Five golfers were at 10-under-par or better entering the final round. Before this year, only six golfers had ever reached double digits under par at any point in a U.S. Open. The scoring average was 72.036 (+0.036).
|1||Brian Harman||United States||67-70-67=204||−12|
|Brooks Koepka||United States||67-70-68=205|
|Justin Thomas||United States||73-69-63=205|
|5||Rickie Fowler||United States||65-73-68=206||−10|
|6||Kim Si-woo||South Korea||69-70-68=207||−9|
|T7||Russell Henley||United States||71-70-67=208||−8|
|Charley Hoffman||United States||70-70-68=208|
|Patrick Reed||United States||68-75-65=208|
|T10||Bill Haas||United States||72-68-69=209||−7|
|Xander Schauffele||United States||66-73-70=209|
|Brandt Snedeker||United States||70-69-70=209|
|Brendan Steele||United States||71-69-69=209|
Justin Thomas scorecardEdit
|Thomas||−1||−2||−2||−1||−2||−2||−3||−4||−5||−4||−4||−5||−5||−5||−6||−6||−7||−9|Eagle Birdie Bogey
Sunday, June 18, 2017
Brooks Koepka tied the U.S. Open scoring record and won his first career major championship by four strokes over Brian Harman and Hideki Matsuyama. Beginning the round a shot out of the lead, Koepka quickly erased the deficit with birdies on his first two holes. After saving par with an eight-foot putt on the 13th, he then recorded three straight birdies on his way to a round of 67 (−5). His total of 16-under par tied the tournament scoring record set by Rory McIlroy in 2011. Harman entered the round with the lead but fell into a tie for second with three bogeys on the back-nine. Matsuyama shot the low round of the day with 66 (−6) and jumped into a tie with Harman. After establishing a new tournament scoring record in the third round, Justin Thomas bogeyed three of his first five holes and finished three-over on the round to drop to a tie for ninth. Tommy Fleetwood also began the round a shot behind but three bogeys on the front-nine dropped him from contention. The low amateur was Scottie Scheffler, who finished at –1, beating Cameron Champ by just one stroke. In all, thirty-one players finished the tournament under par, breaking the U.S. Open record set in 1990.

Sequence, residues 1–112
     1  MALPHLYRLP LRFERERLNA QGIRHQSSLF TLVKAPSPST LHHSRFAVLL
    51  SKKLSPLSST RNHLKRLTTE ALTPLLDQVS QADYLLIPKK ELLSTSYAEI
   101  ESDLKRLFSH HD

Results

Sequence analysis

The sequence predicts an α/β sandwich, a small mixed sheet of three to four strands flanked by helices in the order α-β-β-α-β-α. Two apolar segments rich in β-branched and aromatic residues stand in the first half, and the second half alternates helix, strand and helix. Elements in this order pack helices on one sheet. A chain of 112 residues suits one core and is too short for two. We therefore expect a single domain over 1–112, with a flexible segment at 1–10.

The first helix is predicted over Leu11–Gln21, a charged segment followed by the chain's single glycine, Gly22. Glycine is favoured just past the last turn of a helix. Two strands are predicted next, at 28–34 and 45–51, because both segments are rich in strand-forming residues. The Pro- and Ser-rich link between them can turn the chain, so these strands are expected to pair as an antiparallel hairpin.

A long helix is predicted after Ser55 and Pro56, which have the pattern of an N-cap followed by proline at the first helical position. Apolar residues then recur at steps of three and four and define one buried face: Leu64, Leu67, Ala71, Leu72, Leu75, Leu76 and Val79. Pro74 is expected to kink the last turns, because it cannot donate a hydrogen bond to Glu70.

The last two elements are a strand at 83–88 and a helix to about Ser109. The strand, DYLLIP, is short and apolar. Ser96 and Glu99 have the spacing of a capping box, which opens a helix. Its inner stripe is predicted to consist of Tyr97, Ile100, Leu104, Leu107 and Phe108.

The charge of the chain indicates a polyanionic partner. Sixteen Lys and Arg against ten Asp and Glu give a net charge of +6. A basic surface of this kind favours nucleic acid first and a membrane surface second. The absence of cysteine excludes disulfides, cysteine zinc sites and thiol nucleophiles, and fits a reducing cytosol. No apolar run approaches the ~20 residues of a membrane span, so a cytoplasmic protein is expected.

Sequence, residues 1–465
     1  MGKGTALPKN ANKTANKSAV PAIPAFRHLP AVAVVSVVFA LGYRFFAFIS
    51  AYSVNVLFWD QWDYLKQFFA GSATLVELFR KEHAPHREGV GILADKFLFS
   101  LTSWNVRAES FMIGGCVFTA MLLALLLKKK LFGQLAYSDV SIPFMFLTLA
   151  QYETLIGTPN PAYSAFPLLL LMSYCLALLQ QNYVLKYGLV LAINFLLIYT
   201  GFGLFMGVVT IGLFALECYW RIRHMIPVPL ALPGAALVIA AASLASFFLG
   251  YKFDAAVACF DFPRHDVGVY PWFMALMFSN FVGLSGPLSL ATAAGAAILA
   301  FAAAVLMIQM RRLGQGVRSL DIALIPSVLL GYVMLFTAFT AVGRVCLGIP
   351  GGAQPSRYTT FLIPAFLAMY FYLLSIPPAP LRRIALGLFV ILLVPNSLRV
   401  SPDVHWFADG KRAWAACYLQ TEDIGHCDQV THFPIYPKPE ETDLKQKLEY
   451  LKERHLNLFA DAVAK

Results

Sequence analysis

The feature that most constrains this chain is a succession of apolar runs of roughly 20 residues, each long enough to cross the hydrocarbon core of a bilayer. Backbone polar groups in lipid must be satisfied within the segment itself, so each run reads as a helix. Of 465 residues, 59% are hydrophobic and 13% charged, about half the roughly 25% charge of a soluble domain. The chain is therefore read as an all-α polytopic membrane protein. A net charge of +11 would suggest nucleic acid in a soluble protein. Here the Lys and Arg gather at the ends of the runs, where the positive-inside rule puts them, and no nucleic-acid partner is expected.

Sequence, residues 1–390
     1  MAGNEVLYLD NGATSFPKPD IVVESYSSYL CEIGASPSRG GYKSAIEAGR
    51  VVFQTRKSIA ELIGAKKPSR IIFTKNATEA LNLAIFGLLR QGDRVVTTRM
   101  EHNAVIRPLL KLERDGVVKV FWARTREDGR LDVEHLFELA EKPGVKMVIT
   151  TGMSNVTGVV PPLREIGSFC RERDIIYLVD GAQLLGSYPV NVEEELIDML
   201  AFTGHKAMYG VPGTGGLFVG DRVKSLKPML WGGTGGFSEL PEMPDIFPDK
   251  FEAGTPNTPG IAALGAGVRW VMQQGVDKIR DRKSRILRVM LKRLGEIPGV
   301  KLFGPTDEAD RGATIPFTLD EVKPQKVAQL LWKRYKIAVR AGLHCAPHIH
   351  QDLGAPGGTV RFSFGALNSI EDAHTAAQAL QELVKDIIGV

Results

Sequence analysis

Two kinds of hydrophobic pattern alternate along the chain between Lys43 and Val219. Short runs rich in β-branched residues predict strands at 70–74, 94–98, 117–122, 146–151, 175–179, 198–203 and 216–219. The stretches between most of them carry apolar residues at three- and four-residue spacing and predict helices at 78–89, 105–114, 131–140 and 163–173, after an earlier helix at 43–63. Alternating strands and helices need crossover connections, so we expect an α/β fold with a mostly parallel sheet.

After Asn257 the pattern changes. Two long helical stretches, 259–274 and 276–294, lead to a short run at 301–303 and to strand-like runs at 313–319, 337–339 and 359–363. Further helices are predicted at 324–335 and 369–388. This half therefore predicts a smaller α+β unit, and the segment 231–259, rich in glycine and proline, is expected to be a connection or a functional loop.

|Place||Player||Country||Score||To par||Money ($)|
|1||Brooks Koepka||United States||67-70-68-67=272||−16||2,160,000|
|T2||Brian Harman||United States||67-70-67-72=276||−12||1,052,012|
|T5||Rickie Fowler||United States||65-73-68-72=278||−10||420,334|
|Bill Haas||United States||72-68-69-69=278|
|Xander Schauffele||United States||66-73-70-69=278|
|8||Charley Hoffman||United States||70-70-68-71=279||−9||336,106|
|T9||Trey Mullinax||United States||71-72-69-68=280||−8||279,524|
|Brandt Snedeker||United States||70-69-70-71=280|
|Justin Thomas||United States||73-69-63-75=280|
Cumulative tournament scores, relative to par
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- Harig, Bob (June 17, 2017). "Pressure? Opportunity? Weirdness? All will be part of U.S. Open Sunday". ESPN. Retrieved June 18, 2017.